And the darkness rolled up on one side,
And the light stood shining on the other,
And God said: That’s good!
Psalm 36:5-10 or Psalm 33:1-11 or
217 (LEVAS) He’s got the whole world in his hands
385 Many and great, O God are thy works
389 Let us with a gladsome mind (Ps)
177 Over the chaos
192 (VF) Creator of all time and space
MHSO God of the sparrow, God of the whale
431 The stars declare his glory
885 (WLP) Let all Creation Bless the Lord
651 This is my Father’s World Hymnal
793 (WLP) Here, O Lord your servants gather
- THE FLOOD
Tell the story from a first person point of view – maybe Noah’s wife or sons. This could also have sounds—-rain sticks, hands rubbing together, flute for birds and other instruments for other animal sounds. And, maybe too gimmicky, but, …as some churches do at Pentecost with the dove…if there is a dove “kite” or banner—that could make its way around during the chapter 8:6-12
Psalm 46 or
608 Eternal Father, strong to save
687/8 A mighty fortress is our God
689 I sought the Lord
Calm to the waves (by Thomas Pavlechko)
678/8 Surely it is God who saves me
881 (WLP) I will trust in the Lord
805 (WLP) I want Jesus to walk with me
439 Wondrous Love
- ABRAHAM’S SACRIFICE OF ISAAC
If you have a couple of good soloists, use Benjamin Britten’s work – “Abraham and Isaac” to tell the story
Psalm 33: 12-22 or Psalm 16 or
401 The God of Abraham Praise
173 O sorrow deep!
- ISRAEL’S DELIVERANCE AT THE RED SEA
Tell the story in the first person – maybe from Miriam’s point of view
James Weldon Johnson’s poem “Let My People Go.” Read Peter Skrzynecki’s breathtaking poem “Crossing the Red Sea.”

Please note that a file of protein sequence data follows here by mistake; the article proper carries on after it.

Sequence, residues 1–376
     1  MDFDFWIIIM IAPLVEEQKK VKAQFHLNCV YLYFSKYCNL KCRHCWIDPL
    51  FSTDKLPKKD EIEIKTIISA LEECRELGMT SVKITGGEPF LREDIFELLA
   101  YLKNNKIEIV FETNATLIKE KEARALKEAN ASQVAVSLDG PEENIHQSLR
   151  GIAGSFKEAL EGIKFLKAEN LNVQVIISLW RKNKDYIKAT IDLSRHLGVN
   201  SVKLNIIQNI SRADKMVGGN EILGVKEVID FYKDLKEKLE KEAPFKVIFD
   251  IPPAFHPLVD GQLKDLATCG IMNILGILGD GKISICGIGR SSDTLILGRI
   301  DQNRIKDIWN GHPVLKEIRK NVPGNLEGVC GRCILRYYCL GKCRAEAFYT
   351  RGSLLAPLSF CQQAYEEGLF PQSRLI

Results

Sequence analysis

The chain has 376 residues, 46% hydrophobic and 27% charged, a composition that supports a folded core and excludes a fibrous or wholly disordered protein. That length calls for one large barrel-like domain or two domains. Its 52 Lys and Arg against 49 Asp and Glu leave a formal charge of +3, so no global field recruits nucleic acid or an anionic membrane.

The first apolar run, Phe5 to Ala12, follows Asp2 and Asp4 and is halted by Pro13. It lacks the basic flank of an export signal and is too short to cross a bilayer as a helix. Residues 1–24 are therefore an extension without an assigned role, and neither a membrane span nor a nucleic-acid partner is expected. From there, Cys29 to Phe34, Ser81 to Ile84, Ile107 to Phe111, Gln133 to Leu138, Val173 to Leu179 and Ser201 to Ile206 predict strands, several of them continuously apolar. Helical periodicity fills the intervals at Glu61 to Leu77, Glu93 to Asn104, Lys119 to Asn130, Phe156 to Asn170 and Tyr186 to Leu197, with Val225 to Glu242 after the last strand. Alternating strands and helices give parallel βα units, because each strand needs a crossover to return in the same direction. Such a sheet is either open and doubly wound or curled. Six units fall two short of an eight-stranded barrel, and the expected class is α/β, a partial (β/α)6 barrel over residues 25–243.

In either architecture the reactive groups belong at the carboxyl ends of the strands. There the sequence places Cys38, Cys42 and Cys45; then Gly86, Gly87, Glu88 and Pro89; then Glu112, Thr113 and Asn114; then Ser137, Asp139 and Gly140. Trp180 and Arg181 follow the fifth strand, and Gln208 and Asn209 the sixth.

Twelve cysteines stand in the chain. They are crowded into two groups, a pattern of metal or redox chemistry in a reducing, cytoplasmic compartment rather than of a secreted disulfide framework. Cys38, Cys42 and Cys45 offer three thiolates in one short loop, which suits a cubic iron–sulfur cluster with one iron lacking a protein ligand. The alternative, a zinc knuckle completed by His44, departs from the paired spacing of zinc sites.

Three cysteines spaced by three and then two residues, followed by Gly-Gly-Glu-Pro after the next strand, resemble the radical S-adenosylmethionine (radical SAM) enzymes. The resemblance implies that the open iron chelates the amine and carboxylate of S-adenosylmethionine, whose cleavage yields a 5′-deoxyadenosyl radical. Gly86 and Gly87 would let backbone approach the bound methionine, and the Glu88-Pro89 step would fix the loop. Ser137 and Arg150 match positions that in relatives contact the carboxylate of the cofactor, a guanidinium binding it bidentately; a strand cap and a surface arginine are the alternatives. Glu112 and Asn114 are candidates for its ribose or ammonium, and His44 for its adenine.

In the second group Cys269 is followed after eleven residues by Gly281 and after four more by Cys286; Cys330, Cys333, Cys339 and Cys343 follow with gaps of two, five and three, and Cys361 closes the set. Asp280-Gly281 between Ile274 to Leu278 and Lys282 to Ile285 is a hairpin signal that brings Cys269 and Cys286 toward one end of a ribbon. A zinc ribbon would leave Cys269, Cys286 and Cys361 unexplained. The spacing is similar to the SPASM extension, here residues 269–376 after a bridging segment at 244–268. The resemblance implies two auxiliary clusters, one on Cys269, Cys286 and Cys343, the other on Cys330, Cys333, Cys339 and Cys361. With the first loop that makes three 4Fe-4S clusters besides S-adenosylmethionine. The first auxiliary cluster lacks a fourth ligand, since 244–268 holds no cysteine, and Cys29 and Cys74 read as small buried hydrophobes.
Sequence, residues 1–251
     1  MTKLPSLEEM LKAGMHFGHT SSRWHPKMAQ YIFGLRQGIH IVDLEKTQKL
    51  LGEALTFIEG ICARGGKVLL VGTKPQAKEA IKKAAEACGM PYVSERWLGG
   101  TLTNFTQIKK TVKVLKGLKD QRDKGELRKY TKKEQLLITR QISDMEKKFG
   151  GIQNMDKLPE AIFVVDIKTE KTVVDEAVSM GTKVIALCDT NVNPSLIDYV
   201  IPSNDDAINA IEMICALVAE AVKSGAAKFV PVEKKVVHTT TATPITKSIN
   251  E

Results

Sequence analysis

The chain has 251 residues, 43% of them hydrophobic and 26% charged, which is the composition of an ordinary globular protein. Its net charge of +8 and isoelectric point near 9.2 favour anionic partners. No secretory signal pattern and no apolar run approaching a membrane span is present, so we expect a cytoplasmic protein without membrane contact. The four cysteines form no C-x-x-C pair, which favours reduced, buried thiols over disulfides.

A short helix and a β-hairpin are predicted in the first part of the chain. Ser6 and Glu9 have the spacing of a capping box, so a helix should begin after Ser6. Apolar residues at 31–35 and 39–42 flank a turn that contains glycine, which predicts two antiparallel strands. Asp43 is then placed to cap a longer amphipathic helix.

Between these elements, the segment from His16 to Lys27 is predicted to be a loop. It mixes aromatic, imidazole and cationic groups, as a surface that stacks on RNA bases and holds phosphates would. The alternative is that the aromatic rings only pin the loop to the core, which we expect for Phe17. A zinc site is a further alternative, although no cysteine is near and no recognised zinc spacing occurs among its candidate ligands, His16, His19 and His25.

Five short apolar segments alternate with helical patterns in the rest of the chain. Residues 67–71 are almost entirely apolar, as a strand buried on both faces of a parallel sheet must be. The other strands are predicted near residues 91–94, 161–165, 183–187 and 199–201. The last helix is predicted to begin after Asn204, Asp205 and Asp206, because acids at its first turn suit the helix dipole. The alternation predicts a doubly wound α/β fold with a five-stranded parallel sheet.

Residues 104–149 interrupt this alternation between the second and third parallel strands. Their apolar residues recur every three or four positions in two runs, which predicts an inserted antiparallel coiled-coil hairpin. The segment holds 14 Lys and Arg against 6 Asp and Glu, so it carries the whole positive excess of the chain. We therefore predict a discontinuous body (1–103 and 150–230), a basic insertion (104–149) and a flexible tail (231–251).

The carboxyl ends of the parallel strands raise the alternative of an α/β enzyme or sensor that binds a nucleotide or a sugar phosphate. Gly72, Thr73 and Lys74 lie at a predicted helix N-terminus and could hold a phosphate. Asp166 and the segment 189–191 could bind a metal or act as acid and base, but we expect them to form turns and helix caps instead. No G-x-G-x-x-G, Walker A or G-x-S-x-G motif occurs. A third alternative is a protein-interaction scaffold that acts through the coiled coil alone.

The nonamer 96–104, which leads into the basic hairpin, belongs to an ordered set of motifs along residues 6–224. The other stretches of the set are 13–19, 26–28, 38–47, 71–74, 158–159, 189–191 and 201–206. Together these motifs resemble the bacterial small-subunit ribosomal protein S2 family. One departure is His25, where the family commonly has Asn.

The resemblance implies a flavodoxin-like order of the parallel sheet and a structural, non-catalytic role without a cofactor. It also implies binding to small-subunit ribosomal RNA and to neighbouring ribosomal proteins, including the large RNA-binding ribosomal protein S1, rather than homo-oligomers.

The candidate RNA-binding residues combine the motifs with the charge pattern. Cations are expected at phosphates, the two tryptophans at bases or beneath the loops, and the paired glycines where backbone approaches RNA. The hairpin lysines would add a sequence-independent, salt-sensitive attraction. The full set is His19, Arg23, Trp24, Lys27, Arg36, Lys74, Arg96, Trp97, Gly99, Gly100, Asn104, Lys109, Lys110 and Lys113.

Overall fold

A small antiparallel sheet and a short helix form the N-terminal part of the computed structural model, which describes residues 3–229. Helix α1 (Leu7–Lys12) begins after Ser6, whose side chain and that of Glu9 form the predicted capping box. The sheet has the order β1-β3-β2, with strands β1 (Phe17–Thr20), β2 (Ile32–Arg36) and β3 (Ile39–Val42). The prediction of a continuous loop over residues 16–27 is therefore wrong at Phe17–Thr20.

Canticle 8 – The Song of Moses or
648 Go down, Moses
425 Sing now with joy unto the Lord
905 (WLP) Wisdom freed a holy people
Praise the Lord, Dance for Joy (from We Walk his Way ) John Bell
Wash me in the Water (from We Walk his Way: John Bell)
You must never give up “Sizo bambelela” South African (from We Walk his Way)
143 (LEVAS) Wade in the Water
767 (WLP) Baptized in Water
121 (LEVAS) Baptised in water
On Jordan’s stormy banks I stand (I am bound for the promised land, available public domain )
Let the Broken ones be healed from Music by Heart (which could have a circle dance, too;
Healing River of the Spirit to the tune Chartres
- SALVATION IS OFFERED FREELY TO ALL
Proclaim it with joy
Read from the Bible up to “Seek the Lord” and have a cantor sing the Second Song of Isaiah
Canticle 9 – The First Song of Isaiah or Psalm 42: 1-7 or
678/9 Surely it is God who saves me (Canticle)
134 (LEVAS) Take me to the water
67 (VF) Crashing waters at creation
677 God moves in a mysterious way (maybe use different tune)
- LEARN WISDOM AND LIVE
Psalm 19 or
60 (VF) Come and seek the ways of Wisdom
906 (WLP) Even when young, I prayed for wisdom’s grace
431 The stars declare his glory (Ps)
584 God, you have given us power to sound (maybe use different tune)
- A NEW HEART AND A NEW SPIRIT
Psalm 42 or
658 As longs the deer (Ps)
Deep within (found in ELW)
727 (WLP) As panting deer desire the waterbrooks (Ps)
574/5 Before thy throne, O God, we kneel
- THE VALLEY OF DRY BONES
Appoint a voice of the Spirit of God and an Ezekiel and have it read dramatically. Have something to rattle.